|Symptoms of PGP||| Print ||
The main symptom of PGP is pain, and this can be in any of the pelvic joints. (This is why SPD is not an accurate description as it implies that it affects only the symphysis pubis joint at the front.)
There can also be instability of the joints, which makes walking and day-to-day activities around the house difficult.
The main symptom that women report is pain while walking, climbing stairs and turning over in bed. This means that it affects virtually everything you do in a day, which has a major impact on your life.
PGP is usually a mechanical joint problemUsually in PGP the pelvic joints, which should work together in a ring-type system, are not working normally. Often one joint becomes stiff and this causes irritation in the other joints (you may not even feel pain in the stiff joint). By treating the stiff joint, a manual therapist can help the joints to function normally again, and allow the irritation at the painful joint to settle.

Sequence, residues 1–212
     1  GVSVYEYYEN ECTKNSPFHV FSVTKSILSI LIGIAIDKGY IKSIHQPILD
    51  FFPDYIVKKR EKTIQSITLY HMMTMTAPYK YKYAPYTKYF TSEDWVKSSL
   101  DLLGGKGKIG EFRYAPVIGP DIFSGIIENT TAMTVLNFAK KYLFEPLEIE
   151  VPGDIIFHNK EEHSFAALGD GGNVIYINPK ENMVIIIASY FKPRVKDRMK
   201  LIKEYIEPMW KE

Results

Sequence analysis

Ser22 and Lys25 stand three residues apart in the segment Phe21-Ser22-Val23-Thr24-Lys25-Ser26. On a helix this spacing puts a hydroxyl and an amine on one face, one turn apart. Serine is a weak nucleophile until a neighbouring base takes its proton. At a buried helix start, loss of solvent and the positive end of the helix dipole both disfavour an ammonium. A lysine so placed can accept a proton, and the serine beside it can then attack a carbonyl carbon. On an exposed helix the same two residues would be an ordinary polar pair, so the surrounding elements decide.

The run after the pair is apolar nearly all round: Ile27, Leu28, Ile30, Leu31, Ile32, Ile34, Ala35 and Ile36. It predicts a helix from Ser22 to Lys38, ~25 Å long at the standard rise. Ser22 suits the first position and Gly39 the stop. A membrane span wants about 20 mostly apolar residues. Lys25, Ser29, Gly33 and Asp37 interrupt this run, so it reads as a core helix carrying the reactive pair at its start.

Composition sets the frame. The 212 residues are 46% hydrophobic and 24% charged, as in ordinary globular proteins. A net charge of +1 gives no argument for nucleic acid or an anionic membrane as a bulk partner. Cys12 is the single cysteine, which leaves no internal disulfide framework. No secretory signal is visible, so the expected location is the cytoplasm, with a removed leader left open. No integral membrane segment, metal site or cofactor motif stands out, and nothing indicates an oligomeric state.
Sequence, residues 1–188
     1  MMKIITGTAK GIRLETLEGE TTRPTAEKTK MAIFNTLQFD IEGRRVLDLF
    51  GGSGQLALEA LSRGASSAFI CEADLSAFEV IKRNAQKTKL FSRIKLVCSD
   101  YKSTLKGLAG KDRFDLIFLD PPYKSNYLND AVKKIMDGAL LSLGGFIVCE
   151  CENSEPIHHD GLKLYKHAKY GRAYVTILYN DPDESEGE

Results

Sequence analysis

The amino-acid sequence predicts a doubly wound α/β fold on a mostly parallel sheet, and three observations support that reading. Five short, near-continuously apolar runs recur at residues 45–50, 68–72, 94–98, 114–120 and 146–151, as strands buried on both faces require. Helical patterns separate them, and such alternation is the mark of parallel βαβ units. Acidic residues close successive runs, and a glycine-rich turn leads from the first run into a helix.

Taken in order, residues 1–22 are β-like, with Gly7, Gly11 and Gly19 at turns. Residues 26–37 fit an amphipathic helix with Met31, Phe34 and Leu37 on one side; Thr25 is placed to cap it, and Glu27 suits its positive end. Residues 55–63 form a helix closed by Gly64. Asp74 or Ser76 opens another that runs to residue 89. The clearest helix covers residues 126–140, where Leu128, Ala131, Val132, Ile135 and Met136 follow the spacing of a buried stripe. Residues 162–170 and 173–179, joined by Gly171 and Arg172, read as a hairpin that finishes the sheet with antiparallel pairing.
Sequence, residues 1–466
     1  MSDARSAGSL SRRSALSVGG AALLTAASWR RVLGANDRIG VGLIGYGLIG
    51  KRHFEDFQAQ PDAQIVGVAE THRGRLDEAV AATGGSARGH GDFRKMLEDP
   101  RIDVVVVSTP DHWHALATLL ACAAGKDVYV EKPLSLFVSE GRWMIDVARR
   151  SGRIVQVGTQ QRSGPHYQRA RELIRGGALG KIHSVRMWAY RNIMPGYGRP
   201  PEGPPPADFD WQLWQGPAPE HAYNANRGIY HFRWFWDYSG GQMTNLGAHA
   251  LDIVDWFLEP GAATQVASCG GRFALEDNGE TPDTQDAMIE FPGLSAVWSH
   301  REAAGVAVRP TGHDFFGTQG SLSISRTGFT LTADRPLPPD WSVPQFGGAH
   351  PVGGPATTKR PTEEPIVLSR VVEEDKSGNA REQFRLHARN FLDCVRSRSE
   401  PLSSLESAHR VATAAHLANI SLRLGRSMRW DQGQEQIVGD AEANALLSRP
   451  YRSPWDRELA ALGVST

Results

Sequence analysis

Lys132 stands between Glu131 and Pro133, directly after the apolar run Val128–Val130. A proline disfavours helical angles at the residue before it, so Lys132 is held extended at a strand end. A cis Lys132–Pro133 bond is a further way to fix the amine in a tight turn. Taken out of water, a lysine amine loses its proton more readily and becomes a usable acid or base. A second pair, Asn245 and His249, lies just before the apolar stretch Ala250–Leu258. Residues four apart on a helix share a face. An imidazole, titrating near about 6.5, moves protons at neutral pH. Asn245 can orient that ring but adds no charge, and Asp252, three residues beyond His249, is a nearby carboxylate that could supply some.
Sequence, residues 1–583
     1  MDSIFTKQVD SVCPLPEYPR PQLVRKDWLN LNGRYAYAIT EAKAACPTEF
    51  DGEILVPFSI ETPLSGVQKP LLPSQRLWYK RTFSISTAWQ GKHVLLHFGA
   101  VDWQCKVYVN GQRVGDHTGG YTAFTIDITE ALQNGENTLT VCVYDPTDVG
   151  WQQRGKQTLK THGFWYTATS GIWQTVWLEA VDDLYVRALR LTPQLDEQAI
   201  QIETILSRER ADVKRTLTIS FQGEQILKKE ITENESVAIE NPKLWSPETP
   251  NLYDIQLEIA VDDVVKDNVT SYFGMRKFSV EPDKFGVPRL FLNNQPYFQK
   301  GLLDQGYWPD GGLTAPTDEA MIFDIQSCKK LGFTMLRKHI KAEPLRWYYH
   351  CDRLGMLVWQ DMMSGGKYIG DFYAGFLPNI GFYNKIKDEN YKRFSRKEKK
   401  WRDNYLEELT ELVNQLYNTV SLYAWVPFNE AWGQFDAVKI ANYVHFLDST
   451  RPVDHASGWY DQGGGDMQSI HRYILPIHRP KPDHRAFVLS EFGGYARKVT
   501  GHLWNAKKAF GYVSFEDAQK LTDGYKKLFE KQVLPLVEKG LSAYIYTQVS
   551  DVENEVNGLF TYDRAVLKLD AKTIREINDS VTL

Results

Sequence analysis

Frequently in PGP one of the three joints in the pelvis, often one of the SI joints at the back, becomes slightly stuck and the joints start to move asymmetrically. This then puts extra strain on the other joints which start to move differently and can become irritated and inflamed, leading to PGP. This is likely to respond to manual treatment.
It is increasingly recognised that PGP can also have a big impact on how you feel emotionally, because coping with the physical challenges of day-to-day life can be difficult and leave you feeling low and isolated. One of the problems is that there is nothing to ‘see’ with PGP – you aren’t wearing a plaster cast and pain is not visible to others. Often women feel cheated because they expect to be blooming and enjoying their pregnancy but, in fact, are struggling because they are experiencing pain that no-one can see.